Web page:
As per the Act of 1872, a valid oral agreement is of value and can be enforced in the court of law. However, it is always difficult to prove the existence or the exact terms of the agreement, in case of dispute.
Furthermore, Section 48 of the Registration Act, 1908, states that all non-testamentary documents duly registered under this Act, and relating to any property, whether movable or immovable, shall take effect against any order, agreement or declaration relating to such property, unless where the agreement or declaration has been accompanied or followed by delivery of possession.
Also, Section 92 of the Indian Evidence Act states that when the terms of any such contract, grant or other disposition of property, or any matter required by law to be reduced to the form of a document, have been proved according to the last section, no evidence of any oral agreement or statement shall be admitted, as between the parties to any such instrument or their representatives in interest, for the purpose of contradicting, varying, adding to, or subtracting from, its terms. However, its proviso (2) makes an exception to that if there is any separate oral agreement as to any matter where the document is silent and the terms are inconsistent, then the oral agreement may be proved valid. And proviso (3) further makes an exception that if there is any separate oral agreement which constitutes a condition precedent to the attaching of any obligation under any such contract, then also oral agreement may be proved.
In the case of S.V. Narayanaswamy vs. Savithramma 2013R.F.A. No. 1163 of 2002 c/w R.F.A.No.1164 of 2002 Karnataka High Court, the Appellant sought to prove the existence of a oral agreement, which was vehemently claimed to exist, with respect to sale of property. With the onus to prove being on the Appellant, it did so, by producing cheques of several amounts, towards the entire consideration of the property. By producing various pieces of evidence, which indicated towards a whole, the court upheld the existence of the oral agreement, based on the scrutiny of the evidence provided.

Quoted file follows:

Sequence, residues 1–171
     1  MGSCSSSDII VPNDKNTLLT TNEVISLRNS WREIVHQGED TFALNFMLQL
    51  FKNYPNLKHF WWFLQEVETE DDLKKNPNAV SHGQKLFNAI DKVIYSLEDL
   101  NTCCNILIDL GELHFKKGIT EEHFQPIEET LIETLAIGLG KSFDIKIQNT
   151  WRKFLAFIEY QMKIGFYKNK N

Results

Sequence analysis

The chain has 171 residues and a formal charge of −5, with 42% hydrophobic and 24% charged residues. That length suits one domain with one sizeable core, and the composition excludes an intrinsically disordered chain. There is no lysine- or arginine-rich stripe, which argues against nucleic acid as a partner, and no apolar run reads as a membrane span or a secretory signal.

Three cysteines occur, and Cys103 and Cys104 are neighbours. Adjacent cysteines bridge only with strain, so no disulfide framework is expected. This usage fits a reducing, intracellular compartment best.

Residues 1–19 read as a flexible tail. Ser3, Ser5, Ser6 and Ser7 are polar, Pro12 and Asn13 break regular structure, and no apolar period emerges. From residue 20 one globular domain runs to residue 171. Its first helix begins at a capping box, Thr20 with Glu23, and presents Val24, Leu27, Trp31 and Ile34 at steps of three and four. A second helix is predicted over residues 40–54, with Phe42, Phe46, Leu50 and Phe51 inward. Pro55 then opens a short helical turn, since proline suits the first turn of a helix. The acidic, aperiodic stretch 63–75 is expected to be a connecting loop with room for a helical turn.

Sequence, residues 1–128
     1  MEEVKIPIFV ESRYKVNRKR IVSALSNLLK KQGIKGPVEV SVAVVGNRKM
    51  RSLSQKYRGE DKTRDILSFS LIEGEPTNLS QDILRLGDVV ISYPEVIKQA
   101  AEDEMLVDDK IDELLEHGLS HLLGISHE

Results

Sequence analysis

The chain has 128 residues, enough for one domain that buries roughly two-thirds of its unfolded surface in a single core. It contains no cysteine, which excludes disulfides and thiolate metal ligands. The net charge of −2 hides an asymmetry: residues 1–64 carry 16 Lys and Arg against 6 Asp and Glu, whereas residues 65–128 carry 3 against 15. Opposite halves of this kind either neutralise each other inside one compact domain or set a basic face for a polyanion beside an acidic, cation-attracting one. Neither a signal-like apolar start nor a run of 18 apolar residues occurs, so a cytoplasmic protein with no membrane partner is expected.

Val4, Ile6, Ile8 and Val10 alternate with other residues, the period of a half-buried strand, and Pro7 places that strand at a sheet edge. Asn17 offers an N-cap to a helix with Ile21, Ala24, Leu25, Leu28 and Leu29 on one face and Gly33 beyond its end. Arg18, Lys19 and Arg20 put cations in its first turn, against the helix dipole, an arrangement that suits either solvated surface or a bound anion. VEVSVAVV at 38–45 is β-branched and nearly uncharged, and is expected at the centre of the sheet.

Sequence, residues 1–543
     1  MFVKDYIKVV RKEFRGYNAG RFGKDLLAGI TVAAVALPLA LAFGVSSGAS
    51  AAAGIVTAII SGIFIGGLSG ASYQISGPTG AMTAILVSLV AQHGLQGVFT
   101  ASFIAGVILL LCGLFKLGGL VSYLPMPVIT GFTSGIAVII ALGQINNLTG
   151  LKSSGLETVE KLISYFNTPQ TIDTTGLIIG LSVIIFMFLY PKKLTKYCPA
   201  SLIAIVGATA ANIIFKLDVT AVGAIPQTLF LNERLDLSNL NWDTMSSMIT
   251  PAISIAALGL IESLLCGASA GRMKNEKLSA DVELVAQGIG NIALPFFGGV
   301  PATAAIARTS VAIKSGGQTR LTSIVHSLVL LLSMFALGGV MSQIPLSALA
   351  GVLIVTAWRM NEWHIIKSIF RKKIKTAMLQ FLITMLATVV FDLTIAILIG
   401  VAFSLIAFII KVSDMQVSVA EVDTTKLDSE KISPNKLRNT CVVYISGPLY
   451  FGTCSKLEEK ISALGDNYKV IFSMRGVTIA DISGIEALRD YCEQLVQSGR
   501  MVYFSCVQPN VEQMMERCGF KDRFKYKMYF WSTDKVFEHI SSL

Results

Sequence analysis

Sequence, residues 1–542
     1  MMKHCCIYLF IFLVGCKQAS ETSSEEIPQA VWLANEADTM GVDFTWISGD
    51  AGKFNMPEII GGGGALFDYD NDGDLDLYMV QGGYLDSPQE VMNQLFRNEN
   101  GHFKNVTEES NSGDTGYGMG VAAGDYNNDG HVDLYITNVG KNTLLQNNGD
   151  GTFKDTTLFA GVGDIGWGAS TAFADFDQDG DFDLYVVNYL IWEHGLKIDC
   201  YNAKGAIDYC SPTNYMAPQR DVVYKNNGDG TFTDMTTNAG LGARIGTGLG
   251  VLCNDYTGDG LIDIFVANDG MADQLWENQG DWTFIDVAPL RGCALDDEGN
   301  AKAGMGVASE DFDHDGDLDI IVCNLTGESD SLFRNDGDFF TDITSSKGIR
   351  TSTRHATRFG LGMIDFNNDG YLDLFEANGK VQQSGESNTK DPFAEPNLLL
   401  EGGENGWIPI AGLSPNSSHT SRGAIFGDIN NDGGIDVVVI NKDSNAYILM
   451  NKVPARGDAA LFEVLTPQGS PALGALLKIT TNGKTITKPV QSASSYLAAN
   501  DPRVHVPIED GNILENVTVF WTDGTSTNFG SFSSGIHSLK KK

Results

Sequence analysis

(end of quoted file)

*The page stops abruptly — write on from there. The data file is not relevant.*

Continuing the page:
Thus, oral agreements, although may sound like a bag of quagmire, can be proved in a court of law, through several circumstantial evidence. Even with several witnesses to prove the existence of an agreement, the court is often taken to task to prove and ascertain the terms and conditions of the oral agreements. It is highly likely that personal bias and the parties not being completely ad idem, would affect the validity and question the existence of a valid oral agreement.
In conclusion, oral agreements are legally enforceable in the court of law, or in a dispute. However, it is highly recommended that one should reduce the agreements or contracts to a composition of text. Oral agreements are permissible, but also extremely tricky to prove. It is, and always has been, based on several pieces of evidence, if they all point in one particular direction.
The content of this article is intended to provide a general guide to the subject matter. Specialist advice should be sought about your specific circumstances.